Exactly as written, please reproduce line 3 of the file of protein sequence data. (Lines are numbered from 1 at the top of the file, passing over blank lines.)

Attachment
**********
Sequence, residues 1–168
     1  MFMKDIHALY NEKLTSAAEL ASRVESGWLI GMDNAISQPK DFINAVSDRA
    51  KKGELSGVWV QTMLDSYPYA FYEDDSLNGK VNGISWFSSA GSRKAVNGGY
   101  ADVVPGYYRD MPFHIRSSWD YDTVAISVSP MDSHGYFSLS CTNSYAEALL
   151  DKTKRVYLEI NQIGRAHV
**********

    51  KKGELSGVWV QTMLDSYPYA FYEDDSLNGK VNGISWFSSA GSRKAVNGGY